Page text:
Lord Pearson of Rannoch asked:
Her Majesty's Government what assessment they have made of the contribution by the European Union and its predecessors to peace in Europe compared with that of NATO.A fair question, given the number of times we have been told that the EU and its various predecessors have been crucial to the keeping of the peace in "Europe". Of course, even that is disingenuous: in the eastern and south-eastern parts of Europe peace was conspicuously absent in the decades after the Second World War. But let that pass.
Lord Howell's reply was also disingenous:
My Lords, both the European Union and NATO have made invaluable and complementary contributions to peace in Europe. We do not consider it appropriate to compare the two as they serve different functions. While NATO has ensured, and continues to ensure, our security, there is more to peace than just security. It requires stability, shared values, economic development and political co-operation. The European Union has contributed that. We firmly intend to remain an active and committed member of both.The subsequent debate covered all the usual points, including role of NATO troops, specifically of American ones, the EU's helplessness when it comes to military matters and its lack of that democracy it is supposed to support in member states.
One has to feel some admiration for Lord Howell who is rather knowledgeable but has to navigate all those shoals, be courteous to everyone (this is not the Lower House, after all) and not step beyond government policy. In fact, the only speaker he seems to have been annoyed by was Lord Dykes, who has appeared on this blog a few times in the past. One cannot really blame Lord Howell.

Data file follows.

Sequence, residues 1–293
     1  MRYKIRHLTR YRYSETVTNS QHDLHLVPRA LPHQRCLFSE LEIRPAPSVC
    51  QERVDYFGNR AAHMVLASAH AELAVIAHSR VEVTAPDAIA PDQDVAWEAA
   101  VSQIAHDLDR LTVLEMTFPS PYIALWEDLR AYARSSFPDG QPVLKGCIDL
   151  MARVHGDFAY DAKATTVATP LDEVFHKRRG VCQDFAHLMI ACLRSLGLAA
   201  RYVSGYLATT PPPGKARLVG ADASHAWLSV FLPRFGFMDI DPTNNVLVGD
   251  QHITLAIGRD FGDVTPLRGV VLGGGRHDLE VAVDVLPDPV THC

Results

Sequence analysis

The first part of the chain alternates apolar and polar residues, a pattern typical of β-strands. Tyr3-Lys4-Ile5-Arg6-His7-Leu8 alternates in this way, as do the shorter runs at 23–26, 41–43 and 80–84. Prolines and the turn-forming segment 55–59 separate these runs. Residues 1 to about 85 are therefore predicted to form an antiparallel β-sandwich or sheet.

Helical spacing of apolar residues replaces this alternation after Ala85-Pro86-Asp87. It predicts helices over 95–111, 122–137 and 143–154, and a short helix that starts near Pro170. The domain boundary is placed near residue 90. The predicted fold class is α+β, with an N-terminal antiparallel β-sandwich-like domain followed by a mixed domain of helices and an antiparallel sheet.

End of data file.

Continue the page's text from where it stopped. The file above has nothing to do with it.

A few minutes afterwards Lord Campbell of Alloway asked
Her Majesty's Government what proportion of the United Kingdom contribution to the European Union Budget has been signed off by the Court of Auditors over the last 16 years.Indeed, we all know the answer to that and it is a round number. Lord Campbell asks questions about this periodically, hoping, one assumes, to get some kind of a sensible answer out of whichever governmen happens to be around. He has failed again. This was Lord Sassoon's reply:
My Lords, the UK contributes to the EU budget as a whole, not to individual spending programmes. Therefore, data on UK contributions to the EU budget not signed off by the Court of Auditors are unavailable. However, the recurrent failure to achieve a positive audit opinion from the court on EU's accounts is unacceptable. The Government set out recommendations to improve EU financial management and transparency at ECOFIN in February this year.Well now, isn't that exciting news? More recommendations. One wonders whether they will be taken up and what will happen with the next EU budget.
To be fair to noble peers, this is a subject they can get quite angry about, presumbly because many of them are businessmen and well aware of the anomaly of a budget that is routinely, year after year, is thrown out by the auditors. What would be the fate of a business of any size to whom this happened?
The most interesting question came from the Countess of Mar, who rarely gets involved in debates on matters European:
My Lords, I recall some 20 years ago the late Lord Bruce of Donington asking very much the same questions repeatedly. Can the Minister say why it is taking so long to resolve this problem?How very true. We all recall Lord Bruce of Donington, who always had more information in his hands than whichever Minister was replying, asking those questions and, no, nothing much has been done about it since.
According to Lord Sassoon, this is all because of the previous government giving "away a substantial part of the UK's abatement and signed on to a financial perspective that set a course of significantly increasing EU expenditure". That's as may be but the debate was about the Court of Auditors and the EU budget not being signed off, which has been going on for a slightly longer period than the previous government had been in office. Indeed, Lord Bruce's questions go back, to my certain knowledge to John Major's government and, quite possibly, beyond.